2. Spread your fingers and bring your wrist crease parallel to the front of your mat. Press downward into your hands.
4. Place your feet hip-width distance apart and your hands shoulder-width distance apart.
5. Press down and forward through the knuckles and rotate your biceps forward. Squeeze your elbows toward each other and lift the inner armpit.
6. Root your shoulder blades against your back ribs then draw your belly button in toward your spine.
7. Firm your quadriceps and slightly rotate the inner thighs back. Press your heels toward the floor.
8. Relax your neck and rest your gaze toward your ankles.

Tree Pose

Tree pose comes in many levels, so it’s accessible regardless of you and your child’s yoga skills. It’s great for increasing balance, practicing mindfulness, and incorporating breath all while staying still. People don’t realize that while they are working on their balance, they are also strengthening their core, which makes many other yoga poses feel a little less challenging.

Sanskrit: Vrksasana


1. Stand tall, like you are starting in Mountain pose. Breathe in, so that you you’re filling your lungs all the way up like a balloon.
2. Ground your feet and let your head reach up. Find one spot in front of you to focus, this will help you keep your balance.
3. Raise your arms to the sky. From here, there are three variations:

Level 1: Kickstand your left heel against your right ankle. With one foot grounded and the other foot feeling the ground with the ball of your foot, balance should be easy.
Level 2: Place your left heel against your right side calf. Change your left heel for your right. It may help to be near a wall if you or your child are new to Tree pose.
Level 3: Place your left heel against the inside of your right thigh. This is the most challenging level. You may need to shake your grounded foot out between switching.

Remember, trees sway in the breeze, so if your tree isn’t steady, don’t worry. One caution—never rest your foot on the inside of the knee. It can destabilize the grounded leg and cause injury.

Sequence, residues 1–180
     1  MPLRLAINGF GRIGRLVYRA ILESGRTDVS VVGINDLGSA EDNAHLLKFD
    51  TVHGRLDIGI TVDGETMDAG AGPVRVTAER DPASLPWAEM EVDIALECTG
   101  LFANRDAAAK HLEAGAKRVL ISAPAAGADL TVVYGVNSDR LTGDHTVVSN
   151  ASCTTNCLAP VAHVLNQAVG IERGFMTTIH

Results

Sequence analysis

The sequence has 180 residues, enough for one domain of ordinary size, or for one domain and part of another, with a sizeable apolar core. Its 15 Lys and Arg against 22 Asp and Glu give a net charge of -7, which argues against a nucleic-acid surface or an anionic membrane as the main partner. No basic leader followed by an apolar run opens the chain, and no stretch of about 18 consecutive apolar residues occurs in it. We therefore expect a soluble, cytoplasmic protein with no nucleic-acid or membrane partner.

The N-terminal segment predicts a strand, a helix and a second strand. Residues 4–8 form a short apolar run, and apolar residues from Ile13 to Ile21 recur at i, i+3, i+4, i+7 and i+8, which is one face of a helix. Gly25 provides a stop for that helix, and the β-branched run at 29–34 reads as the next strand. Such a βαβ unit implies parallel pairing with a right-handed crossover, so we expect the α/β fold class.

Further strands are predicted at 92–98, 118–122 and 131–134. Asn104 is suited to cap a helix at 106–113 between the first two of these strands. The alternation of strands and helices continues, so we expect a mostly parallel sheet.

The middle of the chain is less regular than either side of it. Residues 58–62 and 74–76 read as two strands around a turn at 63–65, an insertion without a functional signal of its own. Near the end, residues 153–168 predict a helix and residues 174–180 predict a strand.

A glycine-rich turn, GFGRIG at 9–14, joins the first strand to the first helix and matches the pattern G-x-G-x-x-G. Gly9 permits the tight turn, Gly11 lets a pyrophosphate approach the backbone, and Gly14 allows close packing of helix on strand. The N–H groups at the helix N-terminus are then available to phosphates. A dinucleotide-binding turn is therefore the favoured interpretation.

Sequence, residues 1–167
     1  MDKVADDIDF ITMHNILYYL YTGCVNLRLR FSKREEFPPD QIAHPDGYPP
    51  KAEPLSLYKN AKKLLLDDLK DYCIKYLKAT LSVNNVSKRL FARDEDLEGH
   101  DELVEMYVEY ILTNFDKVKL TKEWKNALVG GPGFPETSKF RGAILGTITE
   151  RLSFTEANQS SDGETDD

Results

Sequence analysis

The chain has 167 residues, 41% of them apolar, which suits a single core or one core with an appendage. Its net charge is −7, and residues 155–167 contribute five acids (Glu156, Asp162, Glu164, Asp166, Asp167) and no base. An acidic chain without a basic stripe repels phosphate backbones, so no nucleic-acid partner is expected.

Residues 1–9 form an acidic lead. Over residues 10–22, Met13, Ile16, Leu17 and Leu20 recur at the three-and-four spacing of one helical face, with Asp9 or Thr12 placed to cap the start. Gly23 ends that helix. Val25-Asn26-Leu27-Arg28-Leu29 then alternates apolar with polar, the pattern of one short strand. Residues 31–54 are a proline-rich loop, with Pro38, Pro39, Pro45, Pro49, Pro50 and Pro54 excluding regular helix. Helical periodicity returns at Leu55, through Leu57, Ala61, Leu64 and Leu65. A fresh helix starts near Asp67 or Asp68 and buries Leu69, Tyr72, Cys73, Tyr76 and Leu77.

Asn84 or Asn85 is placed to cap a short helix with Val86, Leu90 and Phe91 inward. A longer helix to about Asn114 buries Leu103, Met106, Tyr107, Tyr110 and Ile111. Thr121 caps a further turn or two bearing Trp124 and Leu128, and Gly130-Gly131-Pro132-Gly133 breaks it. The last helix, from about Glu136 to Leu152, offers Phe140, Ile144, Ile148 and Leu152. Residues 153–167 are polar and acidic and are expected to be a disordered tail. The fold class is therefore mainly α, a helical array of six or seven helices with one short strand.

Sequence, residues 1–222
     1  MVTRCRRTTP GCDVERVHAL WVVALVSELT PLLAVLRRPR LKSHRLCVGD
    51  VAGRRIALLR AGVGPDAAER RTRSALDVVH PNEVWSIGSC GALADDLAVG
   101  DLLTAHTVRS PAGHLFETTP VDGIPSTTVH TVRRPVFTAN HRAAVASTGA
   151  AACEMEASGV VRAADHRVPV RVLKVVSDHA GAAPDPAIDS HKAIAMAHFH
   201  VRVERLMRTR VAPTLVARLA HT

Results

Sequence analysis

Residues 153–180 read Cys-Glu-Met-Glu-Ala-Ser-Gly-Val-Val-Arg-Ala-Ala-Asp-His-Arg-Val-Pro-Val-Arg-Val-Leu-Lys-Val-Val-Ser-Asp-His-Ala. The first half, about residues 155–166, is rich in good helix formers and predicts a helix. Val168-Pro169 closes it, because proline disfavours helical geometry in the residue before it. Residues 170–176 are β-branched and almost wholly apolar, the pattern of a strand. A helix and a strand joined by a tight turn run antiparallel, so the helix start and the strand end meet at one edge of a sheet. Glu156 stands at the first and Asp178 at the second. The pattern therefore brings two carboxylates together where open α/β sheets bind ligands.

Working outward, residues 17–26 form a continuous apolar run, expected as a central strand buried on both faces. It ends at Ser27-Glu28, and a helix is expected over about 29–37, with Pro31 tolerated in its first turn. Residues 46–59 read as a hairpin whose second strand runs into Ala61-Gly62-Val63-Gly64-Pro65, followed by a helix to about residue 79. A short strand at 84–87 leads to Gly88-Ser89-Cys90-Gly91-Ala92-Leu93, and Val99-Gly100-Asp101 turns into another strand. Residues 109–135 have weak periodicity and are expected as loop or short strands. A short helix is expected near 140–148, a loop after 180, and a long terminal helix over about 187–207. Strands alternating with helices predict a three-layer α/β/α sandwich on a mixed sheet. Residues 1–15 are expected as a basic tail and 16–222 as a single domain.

Anytime your legs are up in the air, it gives your blood a chance to recirculate. Happy Baby pose allows the muscles in the back to release, the hips to stretch, and the blood to refresh.

Sanskrit: Ananda Balasana


1. Lie on your back and lift your feet in the air. Pull your knees into your belly.
2. Breathe, grab the outsides of your feet by the hands, slightly open your knees, then pull them toward your armpits.

Everyone’s favorite part of yoga is letting your body reap the benefits of the practice, and Corpse pose offers a moment for your muscles to relax and your mind to clear.

Sanskrit: Savasana


1. Lie on your back and find a natural breath.
2. Let your arms rest at your sides and allow your feet to flop to either side. Every part of your body should be relaxed.
3. Sit up slowly to avoid a head rush.

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Jennifer Landis
Jennifer Landis is a lover of wellness, the written word, being a mom, and yoga. She has practiced yoga since 2005. But, it was not until she became pregnant in 2013 that she discovered the true and wonderful healing properties yoga can provide. Jennifer is an aspiring yoga instructor. She hopes to enroll in her 200-hour teacher training in the coming year, so she can share her passion with all those who share it.